A few years ago I wrote frequently on this blog about North Liberty Christian Church and its journey after being forced to sell its building, on land they’d occupied since 1839. At last, this congregation’s new building is complete. It was a long time coming.
The backstory: in the late 1990s and early 2000s, the church suffered two destructive splits, and members left in large numbers. By 2009, the offering no longer covered expenses, most of which involved heating and cooling an enormous building. I was an elder in this congregation by then, and I learned that we were burning through savings at an alarming rate. I wrote about our difficult decision to sell our building here. We got a great deal on a parcel of land on a main thoroughfare around the corner from us, and signed a contract with a builder to erect a small, simple building on the site. And then we ran into roadblock after roadblock, which I wrote about here, which depleted our cash to the point where we no longer had enough to complete the project.
Meanwhile, we worshiped in various hotel rooms until a church that had been our neighbor for more than 150 years, Bethel United Methodist Church, allowed us to use their old sanctuary (read about it here). We never imagined it would be three more years before we could move into our new building. I use “we” loosely, because a few months after moving to Bethel, my sons and I left North Liberty Christian Church. I wrote about why here.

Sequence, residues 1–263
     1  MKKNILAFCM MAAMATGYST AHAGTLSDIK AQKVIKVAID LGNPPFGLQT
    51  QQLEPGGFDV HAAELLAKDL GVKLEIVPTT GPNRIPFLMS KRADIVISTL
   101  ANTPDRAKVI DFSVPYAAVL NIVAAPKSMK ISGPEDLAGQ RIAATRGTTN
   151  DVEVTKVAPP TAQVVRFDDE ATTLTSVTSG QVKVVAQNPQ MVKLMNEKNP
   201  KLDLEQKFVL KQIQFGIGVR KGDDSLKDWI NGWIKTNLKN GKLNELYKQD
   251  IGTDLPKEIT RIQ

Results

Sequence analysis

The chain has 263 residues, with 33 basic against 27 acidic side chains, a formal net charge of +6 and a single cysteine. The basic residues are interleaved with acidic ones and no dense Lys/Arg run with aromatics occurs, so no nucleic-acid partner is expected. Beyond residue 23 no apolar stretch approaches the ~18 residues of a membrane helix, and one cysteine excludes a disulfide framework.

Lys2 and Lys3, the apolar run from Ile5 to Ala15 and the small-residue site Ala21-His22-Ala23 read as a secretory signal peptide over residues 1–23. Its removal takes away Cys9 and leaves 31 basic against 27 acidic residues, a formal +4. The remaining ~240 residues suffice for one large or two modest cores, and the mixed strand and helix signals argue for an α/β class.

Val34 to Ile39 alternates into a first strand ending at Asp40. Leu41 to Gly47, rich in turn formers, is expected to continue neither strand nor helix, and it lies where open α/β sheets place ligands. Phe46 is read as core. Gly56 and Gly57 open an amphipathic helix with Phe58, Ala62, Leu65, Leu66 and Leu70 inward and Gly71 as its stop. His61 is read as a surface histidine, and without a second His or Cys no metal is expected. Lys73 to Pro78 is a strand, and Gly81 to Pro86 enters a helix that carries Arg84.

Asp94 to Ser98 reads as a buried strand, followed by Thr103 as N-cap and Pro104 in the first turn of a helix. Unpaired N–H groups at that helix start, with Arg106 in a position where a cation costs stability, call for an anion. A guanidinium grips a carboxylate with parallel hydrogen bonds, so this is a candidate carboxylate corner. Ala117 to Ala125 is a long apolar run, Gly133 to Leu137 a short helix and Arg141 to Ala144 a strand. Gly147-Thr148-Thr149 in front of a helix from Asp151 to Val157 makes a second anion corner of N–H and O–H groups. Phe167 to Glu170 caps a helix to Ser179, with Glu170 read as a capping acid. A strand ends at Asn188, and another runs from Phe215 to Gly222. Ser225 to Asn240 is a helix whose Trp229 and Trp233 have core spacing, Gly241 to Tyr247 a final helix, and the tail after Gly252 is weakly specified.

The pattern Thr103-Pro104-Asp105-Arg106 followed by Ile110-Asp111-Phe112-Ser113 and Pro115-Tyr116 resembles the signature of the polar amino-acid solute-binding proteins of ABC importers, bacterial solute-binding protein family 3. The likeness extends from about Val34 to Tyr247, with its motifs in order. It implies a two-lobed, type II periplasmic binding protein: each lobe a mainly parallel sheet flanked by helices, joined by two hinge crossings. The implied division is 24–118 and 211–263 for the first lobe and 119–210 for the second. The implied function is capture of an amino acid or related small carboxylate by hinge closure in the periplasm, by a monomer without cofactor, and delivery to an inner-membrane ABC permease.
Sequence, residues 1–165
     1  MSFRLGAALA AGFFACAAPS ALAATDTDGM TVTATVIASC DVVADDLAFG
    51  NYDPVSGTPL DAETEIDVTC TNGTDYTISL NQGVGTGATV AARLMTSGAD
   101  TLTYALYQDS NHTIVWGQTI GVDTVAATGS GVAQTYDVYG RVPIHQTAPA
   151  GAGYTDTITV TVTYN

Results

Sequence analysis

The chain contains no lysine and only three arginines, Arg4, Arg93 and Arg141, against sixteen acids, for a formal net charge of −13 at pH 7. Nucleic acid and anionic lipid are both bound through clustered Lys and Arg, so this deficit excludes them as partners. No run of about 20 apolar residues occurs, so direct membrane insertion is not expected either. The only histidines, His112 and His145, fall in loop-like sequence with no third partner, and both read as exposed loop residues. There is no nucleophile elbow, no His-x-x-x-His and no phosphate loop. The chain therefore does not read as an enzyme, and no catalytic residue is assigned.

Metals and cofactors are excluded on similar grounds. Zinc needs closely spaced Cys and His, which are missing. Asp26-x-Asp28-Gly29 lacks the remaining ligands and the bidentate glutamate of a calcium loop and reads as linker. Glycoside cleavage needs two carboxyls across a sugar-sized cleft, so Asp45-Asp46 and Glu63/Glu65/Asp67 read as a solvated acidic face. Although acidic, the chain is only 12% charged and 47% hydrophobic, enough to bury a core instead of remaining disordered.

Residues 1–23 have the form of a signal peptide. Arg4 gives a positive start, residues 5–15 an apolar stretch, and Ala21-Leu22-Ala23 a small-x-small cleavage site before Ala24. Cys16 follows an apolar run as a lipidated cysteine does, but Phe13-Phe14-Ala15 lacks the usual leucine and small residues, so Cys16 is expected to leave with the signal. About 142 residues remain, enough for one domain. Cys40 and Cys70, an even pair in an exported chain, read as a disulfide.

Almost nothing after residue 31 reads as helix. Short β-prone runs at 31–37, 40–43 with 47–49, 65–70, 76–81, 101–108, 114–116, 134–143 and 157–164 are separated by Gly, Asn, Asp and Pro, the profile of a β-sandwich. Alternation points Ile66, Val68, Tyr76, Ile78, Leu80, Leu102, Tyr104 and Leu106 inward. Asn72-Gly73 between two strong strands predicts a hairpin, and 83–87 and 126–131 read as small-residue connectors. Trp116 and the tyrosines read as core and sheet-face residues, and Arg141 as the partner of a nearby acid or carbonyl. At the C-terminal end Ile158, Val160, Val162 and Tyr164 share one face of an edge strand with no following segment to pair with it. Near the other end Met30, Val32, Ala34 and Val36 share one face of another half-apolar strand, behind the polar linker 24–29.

I didn’t keep in touch with the people of North Liberty as well as I promised I would, but I did hear from them often enough to know that they walked a difficult road trying to find the funding needed to finish their building. The money slowly appeared and bit by bit the building was finished. This past Sunday was the first service, and they invited me to join them.
It was bittersweet to see everyone again. I loved the people of that congregation and leaving was difficult, which is part of the reason why I’d not kept in very good touch. I also felt some guilt about not walking that difficult road with them to this milestone. God had different service in mind for me, and I’m doing it now (read about it here). But I never quite shook the feeling I left business unfinished at North Liberty. Yet everybody welcomed me warmly and was glad I came.
God taught us a lot as we lost our home of 171 years and wandered unsure of whether our new building would ever be built, and indeed if we would even survive as a congregation. I’m sure God taught the people of North Liberty much more after I left, just as he has taught me much as he shared the mission he had in mind for me. What I’ve learned, and what I hope the people of North Liberty learned, is that there are milestones (such as new buildings) along the journey, but it remains a journey and frequently you can’t see what’s around the next bend. So we have to keep remembering that God is in control, and not worry.